If only one, polite, word could be used to sum up Stephen Thompson’s tenure as Dundee United chairman it would be “eventful”.
In the 10 years since he took on the role, the man who’s announced he will stand down at the end of the season has savoured the highs of kissing silver, seen his team secure good finishes in the top flight, play in Europe and on top of the Scottish Cup they won, reach two other domestic finals.
He’s also suffered the pain of relegation and fallen foul of his club’s support. A considerable number of them, frankly, cannot wait to see him go.
The near decade Thompson has been at the helm has also led to him becoming majority shareholder and reduce the club’s debt from some £7.7 million to the present level of somewhere in excess of £2m.
He may deserve more credit for that than he’s got, though the fact the debt has jumped considerably since relegation in 2016 is worrying. So is the prospect of United not making it up this season, a circumstance that on present form is a danger.
A director since Eddie Thompson bought United from Jim McLean in 2002, he assumed the chairmanship in the saddest of circumstances following his father’s death in October 2008 after a long battle with prostate cancer.
For that reason it was a role he’d never wanted but, initially, it was one in which he excelled.
As well as setting about reducing the level of debt, he managed to maintain and even increase success on the pitch.
Under manager Craig Levein, United had already got back to being a top-four side and, even though Levein left when Scotland came calling in December 2009, in just a matter of months even better would follow.
With Peter Houston now at the helm, Thompson’s greatest moment in charge would come the following May as United lifted the Scottish Cup for only the second time in their history.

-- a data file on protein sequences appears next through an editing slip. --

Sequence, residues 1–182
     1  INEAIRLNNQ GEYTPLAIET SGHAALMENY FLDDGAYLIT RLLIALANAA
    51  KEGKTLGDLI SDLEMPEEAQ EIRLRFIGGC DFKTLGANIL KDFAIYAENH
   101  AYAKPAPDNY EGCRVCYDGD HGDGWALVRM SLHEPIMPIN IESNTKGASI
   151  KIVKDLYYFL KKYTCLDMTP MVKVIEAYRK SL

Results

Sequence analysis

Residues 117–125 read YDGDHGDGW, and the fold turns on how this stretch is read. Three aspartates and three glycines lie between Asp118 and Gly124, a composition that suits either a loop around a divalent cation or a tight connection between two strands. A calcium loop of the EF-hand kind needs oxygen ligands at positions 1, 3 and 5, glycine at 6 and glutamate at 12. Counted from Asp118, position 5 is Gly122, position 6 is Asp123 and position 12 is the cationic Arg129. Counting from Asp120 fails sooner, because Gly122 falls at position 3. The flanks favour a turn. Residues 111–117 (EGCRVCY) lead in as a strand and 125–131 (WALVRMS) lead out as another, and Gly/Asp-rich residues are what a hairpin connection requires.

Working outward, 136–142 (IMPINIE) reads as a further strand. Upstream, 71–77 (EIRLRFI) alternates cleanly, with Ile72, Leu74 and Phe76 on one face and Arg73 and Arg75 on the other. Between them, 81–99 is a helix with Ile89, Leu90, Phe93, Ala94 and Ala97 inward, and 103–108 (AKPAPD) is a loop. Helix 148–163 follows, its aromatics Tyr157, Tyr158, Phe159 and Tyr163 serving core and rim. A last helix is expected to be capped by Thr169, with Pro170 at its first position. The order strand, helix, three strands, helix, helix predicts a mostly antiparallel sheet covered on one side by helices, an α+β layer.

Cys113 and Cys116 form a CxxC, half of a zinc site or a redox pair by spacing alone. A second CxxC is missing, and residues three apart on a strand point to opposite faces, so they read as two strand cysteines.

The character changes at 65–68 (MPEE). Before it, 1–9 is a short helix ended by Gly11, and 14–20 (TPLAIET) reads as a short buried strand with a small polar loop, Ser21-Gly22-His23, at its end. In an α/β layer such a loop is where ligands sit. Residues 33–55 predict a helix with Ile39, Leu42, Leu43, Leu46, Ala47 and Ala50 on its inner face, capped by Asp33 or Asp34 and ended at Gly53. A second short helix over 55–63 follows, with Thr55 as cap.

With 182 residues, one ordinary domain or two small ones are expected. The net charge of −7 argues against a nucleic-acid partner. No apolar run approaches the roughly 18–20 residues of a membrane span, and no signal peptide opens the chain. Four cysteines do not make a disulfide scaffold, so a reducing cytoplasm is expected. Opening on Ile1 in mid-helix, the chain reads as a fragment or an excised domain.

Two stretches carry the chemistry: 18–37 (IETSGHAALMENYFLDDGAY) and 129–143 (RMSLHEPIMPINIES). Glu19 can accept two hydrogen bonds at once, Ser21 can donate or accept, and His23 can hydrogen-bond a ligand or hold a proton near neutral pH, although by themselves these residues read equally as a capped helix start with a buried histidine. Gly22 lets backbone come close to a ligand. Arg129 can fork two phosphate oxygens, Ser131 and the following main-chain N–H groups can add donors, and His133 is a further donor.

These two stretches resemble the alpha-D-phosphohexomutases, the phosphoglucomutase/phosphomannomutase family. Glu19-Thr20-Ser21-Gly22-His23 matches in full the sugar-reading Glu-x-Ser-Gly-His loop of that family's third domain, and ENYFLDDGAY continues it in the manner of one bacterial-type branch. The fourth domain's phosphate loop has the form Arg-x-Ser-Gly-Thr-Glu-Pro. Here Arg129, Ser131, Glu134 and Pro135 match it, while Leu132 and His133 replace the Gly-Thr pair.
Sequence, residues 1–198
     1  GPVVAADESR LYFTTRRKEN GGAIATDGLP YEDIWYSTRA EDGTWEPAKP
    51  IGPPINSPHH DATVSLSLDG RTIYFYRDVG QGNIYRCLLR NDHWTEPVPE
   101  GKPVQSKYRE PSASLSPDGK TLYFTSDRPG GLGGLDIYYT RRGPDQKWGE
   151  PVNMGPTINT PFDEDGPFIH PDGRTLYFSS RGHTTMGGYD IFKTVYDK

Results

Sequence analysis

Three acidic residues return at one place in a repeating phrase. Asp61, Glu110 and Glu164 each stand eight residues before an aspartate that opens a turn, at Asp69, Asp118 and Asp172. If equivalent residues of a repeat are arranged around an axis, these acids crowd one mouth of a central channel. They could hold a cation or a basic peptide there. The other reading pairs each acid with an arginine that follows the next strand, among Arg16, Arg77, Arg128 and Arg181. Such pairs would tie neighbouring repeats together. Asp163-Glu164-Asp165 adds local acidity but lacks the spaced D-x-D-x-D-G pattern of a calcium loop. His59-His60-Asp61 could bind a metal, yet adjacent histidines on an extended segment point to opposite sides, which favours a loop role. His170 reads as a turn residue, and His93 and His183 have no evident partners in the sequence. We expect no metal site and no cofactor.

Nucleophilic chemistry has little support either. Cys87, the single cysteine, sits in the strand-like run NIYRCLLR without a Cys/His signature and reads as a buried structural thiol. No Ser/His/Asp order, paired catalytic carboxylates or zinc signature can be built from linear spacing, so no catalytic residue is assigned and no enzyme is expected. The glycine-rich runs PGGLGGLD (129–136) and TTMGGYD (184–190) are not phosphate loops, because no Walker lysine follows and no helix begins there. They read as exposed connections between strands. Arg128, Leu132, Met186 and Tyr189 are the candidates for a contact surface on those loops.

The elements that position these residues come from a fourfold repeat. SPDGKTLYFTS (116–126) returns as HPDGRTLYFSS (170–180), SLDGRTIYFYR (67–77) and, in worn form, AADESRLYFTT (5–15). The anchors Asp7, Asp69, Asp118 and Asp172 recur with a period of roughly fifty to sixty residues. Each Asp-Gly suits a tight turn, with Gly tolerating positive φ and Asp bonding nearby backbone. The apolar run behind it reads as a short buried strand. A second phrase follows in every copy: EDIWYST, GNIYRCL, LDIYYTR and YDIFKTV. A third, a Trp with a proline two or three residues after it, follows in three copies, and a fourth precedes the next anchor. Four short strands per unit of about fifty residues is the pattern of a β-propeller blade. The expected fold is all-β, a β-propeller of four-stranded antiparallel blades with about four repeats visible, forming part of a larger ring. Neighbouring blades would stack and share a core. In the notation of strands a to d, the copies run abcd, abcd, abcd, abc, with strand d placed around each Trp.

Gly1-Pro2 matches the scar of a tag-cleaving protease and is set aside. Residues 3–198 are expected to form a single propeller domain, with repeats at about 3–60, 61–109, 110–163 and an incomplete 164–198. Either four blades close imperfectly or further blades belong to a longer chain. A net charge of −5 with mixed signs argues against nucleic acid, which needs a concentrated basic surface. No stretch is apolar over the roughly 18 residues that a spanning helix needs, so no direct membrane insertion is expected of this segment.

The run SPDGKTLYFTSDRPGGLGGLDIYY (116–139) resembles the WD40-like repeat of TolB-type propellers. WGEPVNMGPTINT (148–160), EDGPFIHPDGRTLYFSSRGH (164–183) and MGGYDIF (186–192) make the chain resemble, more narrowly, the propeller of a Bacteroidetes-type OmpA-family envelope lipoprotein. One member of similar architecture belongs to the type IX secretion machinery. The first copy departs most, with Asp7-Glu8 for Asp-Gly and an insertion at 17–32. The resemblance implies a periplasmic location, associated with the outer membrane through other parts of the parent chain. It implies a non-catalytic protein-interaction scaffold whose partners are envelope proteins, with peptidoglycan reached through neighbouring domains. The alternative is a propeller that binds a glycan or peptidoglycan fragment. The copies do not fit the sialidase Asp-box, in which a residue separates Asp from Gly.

At that point the chairman was probably second only to manager Houstie when it came to popularity among United fans.
Even when the relationship with Houston soured somewhat — they’ve long since kissed and made up — and the manager left in January 2013, things continued to look good under new boss Jackie McNamara.
With an exciting young team containing talent like Stuart Armstrong, Gary Mackay-Steven, Nadir Ciftci and home-grown kids Ryan Gauld and John Souttar, the finals of the Scottish Cup and League Cup were reached in 2014 and 2015.
Both were lost, the first in painful fashion to St Johnstone and if the second was a-not-unexpected defeat to Celtic, by then cracks in Thompson’s relationship with the support had appeared. They stemmed from the decision in January 2015 to accept offers from Celtic for Mackay-Steven and Armstrong.
Results from that point went into freefall, leading to the sacking of McNamara the following September, and when new gaffer Mixu Paatelainen failed to turn things round, 2016 saw United relegated for only the second time in over 50 years.
By then the calls from supporters for the chairman to go had become a regular occurence and with the failure to get back to the top flight, they’ve only increased. He resisted them and still harbours hopes of leaving behind a top-tier team.
While the problems of the last few seasons have to be a factor, it seems the main reason for his decision is whether they’ve been good, bad or indifferent, he feels it’s time for a change.
And whichever of those words you use to describe the Stephen Thompson era, they certainly have been eventful.